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In the last 75 years the Club has, through strenuous and creative fundraising activities, contributed to individuals, groups, and communities in need. Their impressive actions speak for themselves.

The Toronto Club organized and sponsored a fundraising bridge night. With 40 captains serving 1,000 tables, the Club managed to bring in $4,058.11 in total receipts. Profit after all disbursements were taken care of was reported at an impressive $1,482.94.

A report from the Service Committee on March 28 demonstrates the Club's commitment to aiding women:

“The Service Convenor stated that the Unemployment Committee is looking after 150 girls. They have spent about $2,000 so far this year and most of the money is being given by the teachers and the City is supplying the balance. The Club has given shoes, toothbrushes, toothpaste and a small amount of money.”

A highly successful fundraising event was organized by the Club on December 2. Titled “Sale of Work & Tea,” the event nettled $1,812.10. Sales booths set up for the gala event were:

  • Bridge accessories
  • Candy
  • China
  • Dolls
  • Fancy work
  • Handkerchiefs
  • Flowers
  • Homemade cooking
  • Christmas cards.

A tea and supper room, fortune teller, hope chest, and dog raffle also contributed to the proceeds.

At our Christmas Sale in 1945, we had a profit of $1,000 and sent a donation to the Save the Children Fund. We also sent a donation to the Trawler Fund and the British Seamen‟s Fund.

All the women's groups of Toronto banded together for a fashion show at the Royal York, and raised $2,500, which helped furnish the beautiful sitting rooms at the new Sunnybrook Hospital.

We donated $300 to the Second Mile Club, and often entertained them with songs and skits followed by refreshments.

$250 was given to the War Amps' Project, and clothing sent to the Aid for Holland fund.

Dr. Lotta Hirschmanova, of Prague, Czechoslovakia, made a moving appeal for aid to starving, freezing Europe. Through the Unitarian Service Committee, and a generous donation from our own Elizabeth Rothwell and her sister, the Club was able to adopt a Czech child, Anna.

Our Welfare Committee sent large cartons of clean, used clothing to the Salvation Army for distribution to the victims of the Winnipeg flood.

Some 400 woollens, flannels and hand knitted garments were again sent to Europe, two shipments going to Greece and one box to the Scott Mission of Toronto.

The Club supported the Women's College Hospital fundraising campaign and sent $100 to the CFBPWC for flood relief in Holland and in England.

A letter was received from Italy asking for assistance to women in the district of the great flood. The Club dispatched a box of clothing in January to help the flood victims.

The Welfare Sewing Group of the Club again sent new and used clothing to the Scott Mission, Crippled Civilians, the Salvation Army and to Dame Carolyn Haslett, D.B.E., President of IFBPW.

$100 was donated to the Lena Madsen Phillips Endowment Fund for work in the Middle East, and $100 to the Silver Jubilee Fund for work throughout the world.

Toys were brought to the Christmas party for the Woodgreen Centre.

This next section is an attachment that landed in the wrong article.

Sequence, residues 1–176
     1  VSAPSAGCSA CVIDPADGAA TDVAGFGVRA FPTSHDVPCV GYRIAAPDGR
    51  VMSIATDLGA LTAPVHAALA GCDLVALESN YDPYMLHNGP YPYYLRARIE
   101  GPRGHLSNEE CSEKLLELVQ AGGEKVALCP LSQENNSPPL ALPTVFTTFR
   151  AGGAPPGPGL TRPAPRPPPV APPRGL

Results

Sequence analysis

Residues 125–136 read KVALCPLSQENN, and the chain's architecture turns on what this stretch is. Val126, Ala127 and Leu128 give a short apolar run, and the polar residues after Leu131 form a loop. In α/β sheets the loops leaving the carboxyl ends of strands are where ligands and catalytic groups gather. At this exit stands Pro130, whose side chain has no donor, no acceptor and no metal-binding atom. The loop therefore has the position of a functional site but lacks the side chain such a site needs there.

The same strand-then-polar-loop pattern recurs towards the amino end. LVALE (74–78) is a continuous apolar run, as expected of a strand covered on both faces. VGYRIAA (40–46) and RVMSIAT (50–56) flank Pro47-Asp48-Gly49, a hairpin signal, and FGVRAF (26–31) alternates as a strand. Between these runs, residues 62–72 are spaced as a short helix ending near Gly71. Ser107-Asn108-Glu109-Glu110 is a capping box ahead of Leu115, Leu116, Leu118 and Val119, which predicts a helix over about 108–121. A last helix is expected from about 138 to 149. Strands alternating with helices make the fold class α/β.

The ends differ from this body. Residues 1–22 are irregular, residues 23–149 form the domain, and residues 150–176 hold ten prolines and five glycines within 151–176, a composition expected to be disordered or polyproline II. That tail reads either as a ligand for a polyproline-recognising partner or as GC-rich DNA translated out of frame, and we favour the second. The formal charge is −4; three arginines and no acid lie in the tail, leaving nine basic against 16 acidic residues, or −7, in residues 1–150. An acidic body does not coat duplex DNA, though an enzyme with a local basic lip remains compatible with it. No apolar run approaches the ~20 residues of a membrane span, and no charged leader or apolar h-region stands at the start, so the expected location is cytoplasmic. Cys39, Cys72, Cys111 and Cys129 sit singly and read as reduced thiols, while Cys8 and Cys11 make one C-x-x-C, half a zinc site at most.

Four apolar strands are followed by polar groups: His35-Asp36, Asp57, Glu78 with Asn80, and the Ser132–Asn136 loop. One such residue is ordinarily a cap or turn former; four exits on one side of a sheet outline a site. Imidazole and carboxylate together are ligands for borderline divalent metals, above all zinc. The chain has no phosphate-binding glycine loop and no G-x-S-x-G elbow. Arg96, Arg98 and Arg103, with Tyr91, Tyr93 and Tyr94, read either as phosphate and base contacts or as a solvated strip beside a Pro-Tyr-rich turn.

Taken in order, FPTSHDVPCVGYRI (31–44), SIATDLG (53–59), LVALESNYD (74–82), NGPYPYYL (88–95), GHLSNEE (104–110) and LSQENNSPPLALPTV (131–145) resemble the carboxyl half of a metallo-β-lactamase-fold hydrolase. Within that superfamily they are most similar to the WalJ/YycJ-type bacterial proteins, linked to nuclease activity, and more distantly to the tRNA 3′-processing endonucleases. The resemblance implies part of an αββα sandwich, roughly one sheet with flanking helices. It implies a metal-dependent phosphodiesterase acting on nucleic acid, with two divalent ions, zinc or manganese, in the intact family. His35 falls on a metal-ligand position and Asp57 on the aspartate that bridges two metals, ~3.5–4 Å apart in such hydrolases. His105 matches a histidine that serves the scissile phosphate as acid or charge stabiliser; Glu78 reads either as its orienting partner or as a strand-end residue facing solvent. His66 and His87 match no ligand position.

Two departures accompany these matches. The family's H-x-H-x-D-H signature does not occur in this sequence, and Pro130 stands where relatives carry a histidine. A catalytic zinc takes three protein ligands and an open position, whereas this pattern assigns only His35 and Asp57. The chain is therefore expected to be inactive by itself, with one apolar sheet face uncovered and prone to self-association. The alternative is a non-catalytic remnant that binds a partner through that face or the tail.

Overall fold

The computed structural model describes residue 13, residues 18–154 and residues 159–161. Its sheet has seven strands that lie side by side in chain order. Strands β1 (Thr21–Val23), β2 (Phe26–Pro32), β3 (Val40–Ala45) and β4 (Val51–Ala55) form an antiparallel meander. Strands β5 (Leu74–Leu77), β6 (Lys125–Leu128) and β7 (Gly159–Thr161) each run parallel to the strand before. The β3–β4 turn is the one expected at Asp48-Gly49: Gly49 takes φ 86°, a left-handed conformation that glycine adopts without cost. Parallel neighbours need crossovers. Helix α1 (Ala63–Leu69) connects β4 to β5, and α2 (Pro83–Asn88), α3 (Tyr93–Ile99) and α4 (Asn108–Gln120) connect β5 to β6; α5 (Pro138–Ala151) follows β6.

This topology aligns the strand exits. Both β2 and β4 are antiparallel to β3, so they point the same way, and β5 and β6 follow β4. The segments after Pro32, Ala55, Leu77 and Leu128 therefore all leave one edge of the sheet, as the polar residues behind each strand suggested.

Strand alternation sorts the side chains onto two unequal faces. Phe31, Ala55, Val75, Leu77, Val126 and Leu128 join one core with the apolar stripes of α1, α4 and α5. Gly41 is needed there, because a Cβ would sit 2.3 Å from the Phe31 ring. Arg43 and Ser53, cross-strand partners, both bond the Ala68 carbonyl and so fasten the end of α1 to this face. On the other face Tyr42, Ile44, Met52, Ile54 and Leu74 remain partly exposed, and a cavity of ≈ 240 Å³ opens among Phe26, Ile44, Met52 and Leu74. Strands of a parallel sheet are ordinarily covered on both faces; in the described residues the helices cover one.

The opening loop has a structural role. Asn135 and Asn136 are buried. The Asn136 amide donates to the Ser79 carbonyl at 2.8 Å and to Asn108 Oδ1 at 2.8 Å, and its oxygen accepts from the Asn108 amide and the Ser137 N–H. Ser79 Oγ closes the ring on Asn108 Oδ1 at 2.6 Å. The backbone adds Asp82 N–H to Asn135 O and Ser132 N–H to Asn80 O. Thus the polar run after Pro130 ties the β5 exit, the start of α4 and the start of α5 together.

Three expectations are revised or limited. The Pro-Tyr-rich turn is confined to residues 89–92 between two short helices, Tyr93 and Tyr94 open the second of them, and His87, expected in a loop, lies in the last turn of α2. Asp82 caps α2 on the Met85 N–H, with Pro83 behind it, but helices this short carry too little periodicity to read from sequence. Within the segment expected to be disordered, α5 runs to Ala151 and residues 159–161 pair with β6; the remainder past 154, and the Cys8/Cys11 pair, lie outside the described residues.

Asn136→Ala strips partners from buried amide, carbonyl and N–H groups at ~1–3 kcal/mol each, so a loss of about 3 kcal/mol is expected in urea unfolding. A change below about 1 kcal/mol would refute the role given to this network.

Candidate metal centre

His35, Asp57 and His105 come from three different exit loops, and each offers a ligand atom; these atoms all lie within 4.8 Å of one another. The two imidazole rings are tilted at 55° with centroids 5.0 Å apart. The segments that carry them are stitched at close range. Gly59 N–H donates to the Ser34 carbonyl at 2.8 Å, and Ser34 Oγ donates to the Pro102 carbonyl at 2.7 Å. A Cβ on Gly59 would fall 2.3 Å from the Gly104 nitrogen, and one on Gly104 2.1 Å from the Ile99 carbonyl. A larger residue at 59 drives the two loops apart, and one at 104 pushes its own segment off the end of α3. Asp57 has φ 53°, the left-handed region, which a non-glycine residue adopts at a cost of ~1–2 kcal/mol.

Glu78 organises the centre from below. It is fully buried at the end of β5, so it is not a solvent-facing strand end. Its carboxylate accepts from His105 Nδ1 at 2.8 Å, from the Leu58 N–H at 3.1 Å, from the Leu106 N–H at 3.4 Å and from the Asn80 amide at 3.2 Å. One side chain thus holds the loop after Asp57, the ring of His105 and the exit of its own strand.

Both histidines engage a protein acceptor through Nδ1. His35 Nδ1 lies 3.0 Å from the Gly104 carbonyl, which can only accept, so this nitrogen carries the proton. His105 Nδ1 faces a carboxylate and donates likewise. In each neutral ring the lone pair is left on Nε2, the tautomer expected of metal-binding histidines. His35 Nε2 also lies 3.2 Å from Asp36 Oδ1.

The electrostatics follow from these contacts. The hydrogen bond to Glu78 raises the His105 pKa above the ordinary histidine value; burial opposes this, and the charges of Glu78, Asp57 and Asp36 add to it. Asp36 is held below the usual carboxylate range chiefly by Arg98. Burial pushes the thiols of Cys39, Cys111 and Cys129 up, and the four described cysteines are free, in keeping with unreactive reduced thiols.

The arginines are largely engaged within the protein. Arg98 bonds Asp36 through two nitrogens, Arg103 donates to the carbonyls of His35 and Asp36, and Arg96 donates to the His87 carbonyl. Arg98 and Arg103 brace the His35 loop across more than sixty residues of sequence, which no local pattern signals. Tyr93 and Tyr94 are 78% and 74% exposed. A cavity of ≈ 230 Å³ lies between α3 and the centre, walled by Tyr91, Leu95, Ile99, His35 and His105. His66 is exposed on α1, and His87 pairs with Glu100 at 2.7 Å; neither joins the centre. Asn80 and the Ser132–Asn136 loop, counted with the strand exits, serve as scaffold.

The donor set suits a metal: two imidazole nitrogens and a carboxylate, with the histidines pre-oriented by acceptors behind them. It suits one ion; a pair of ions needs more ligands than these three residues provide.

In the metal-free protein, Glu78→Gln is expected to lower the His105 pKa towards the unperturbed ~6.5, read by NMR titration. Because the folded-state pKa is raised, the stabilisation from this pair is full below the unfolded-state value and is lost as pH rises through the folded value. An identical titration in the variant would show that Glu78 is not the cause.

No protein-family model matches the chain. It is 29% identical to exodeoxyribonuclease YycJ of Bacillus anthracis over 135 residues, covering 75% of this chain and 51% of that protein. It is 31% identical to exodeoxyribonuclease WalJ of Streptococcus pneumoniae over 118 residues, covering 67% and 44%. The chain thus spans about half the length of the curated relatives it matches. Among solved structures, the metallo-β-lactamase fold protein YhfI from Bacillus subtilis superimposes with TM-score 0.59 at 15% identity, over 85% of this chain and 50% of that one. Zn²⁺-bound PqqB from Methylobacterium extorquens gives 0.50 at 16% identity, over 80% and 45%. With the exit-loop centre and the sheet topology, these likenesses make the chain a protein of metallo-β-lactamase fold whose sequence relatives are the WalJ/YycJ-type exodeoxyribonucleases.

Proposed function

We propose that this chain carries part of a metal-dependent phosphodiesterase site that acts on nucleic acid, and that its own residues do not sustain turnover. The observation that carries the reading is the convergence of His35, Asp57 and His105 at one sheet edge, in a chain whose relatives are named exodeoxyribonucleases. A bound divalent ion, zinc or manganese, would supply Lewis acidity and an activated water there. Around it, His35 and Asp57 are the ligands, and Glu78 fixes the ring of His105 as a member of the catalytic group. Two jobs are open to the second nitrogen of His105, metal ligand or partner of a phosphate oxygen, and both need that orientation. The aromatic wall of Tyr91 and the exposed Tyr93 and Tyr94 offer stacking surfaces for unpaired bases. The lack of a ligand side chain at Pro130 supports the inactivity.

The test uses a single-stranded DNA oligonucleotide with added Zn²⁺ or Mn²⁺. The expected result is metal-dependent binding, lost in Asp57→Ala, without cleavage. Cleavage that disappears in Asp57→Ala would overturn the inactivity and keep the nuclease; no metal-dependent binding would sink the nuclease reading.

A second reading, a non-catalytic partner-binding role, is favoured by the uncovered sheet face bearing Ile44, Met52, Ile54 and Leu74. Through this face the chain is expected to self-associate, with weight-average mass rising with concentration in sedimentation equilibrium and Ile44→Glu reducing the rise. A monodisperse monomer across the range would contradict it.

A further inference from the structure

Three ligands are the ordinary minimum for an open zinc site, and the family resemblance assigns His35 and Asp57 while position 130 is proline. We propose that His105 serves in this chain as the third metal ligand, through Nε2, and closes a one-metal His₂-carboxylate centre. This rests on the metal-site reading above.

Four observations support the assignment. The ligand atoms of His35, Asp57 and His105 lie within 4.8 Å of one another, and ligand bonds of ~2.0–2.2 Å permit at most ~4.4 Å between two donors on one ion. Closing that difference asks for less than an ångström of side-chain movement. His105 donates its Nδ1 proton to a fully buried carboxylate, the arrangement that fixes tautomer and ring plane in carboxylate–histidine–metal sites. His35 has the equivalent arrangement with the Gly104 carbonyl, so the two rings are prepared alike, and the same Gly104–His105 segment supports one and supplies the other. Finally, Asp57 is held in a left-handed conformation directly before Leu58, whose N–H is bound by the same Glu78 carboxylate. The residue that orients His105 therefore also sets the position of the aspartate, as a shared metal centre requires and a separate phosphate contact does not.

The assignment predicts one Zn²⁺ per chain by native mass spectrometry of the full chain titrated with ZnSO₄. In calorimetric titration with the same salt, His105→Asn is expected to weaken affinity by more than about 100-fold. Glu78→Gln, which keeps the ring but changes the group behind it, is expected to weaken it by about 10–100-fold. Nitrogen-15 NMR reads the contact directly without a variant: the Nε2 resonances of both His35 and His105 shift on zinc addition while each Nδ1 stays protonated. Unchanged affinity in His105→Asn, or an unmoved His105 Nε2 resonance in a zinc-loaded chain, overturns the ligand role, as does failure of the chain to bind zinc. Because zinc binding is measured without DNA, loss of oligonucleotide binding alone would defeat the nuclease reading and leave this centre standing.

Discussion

$100 was sent to the Hurricane Relief Fund, and $100 to the Community Chest.

The Projects Committee recommended scholarships or bursaries of $100 each be sent to the School of Business Administration, the School of Nursing, University of Toronto, and the Ontario College of Education.

It was with pleasure and pride that the Club established a bursary of $500 to be presented to one or more BPWC of Ontario active members in good standing for at least two years, to enrol in a course in any accredited Canadian university. Applicants were required to show need, merit, and promise. Preference was to be given to one of our own members.

If no suitable applicant for the bursary could be found by September 20, 1956, the $500 bursary would be made available to a woman student in a faculty of the University of Toronto.

The Toronto BPW Club began the sale of UNICEF cards at Christmas time. This is still carried on today.

The Toronto Club's bursary was extended for another five years and increased from an amount of $500 to $750.

A new bursary for $350 was initiated to be awarded to a female student entering the Ontario College of Education for one year, with the understanding that such student teaches a science in secondary school. This was to be called the “Elsie Gregory MacGill Bursary”.

Edna Kelly reported on her session at the United Nations that the BPW Clubs were supporting the Ramallah project, a school in Jordan where refugee Arab girls were educated in a chosen career.

In January the Toronto Club sponsored three young career women (under 18) to attend a conference in Niagara Falls, N.Y.

In September the bursary programme was reinstated with funds remaining from the “arts of Management” project. Pat Detenbeck was asked to chair the new ad hoc committee.

In April a Chinese cooking demonstration raised $1,431.50 for the Bursary Fund.

In November a fundraising Treasure Sale was held at North Toronto Gardens.

$300 was donated to the North Toronto club for repairs to their clubhouse roof.

In April a gift of $300 was sent to the Nairobi Club for their clean water project.

In September there was a NAC fundraising dinner but the main fundraising event of the year was “Swiss Delight”, which comprised a travelogue, and a fashion show and packing demonstration, with wine and cheese being served. First prize in a lottery drawn that night was two return air tickets to Switzerland, compliments of Swissair, and two holiday transportation passes from the Swiss National Tourist Board. Proceeds went to the Bursary Fund.

In March the fundraising event for bursaries was a fashion show at City Hall, which included fashions for the disabled in keeping with the 1981: the Year of Disabled Persons.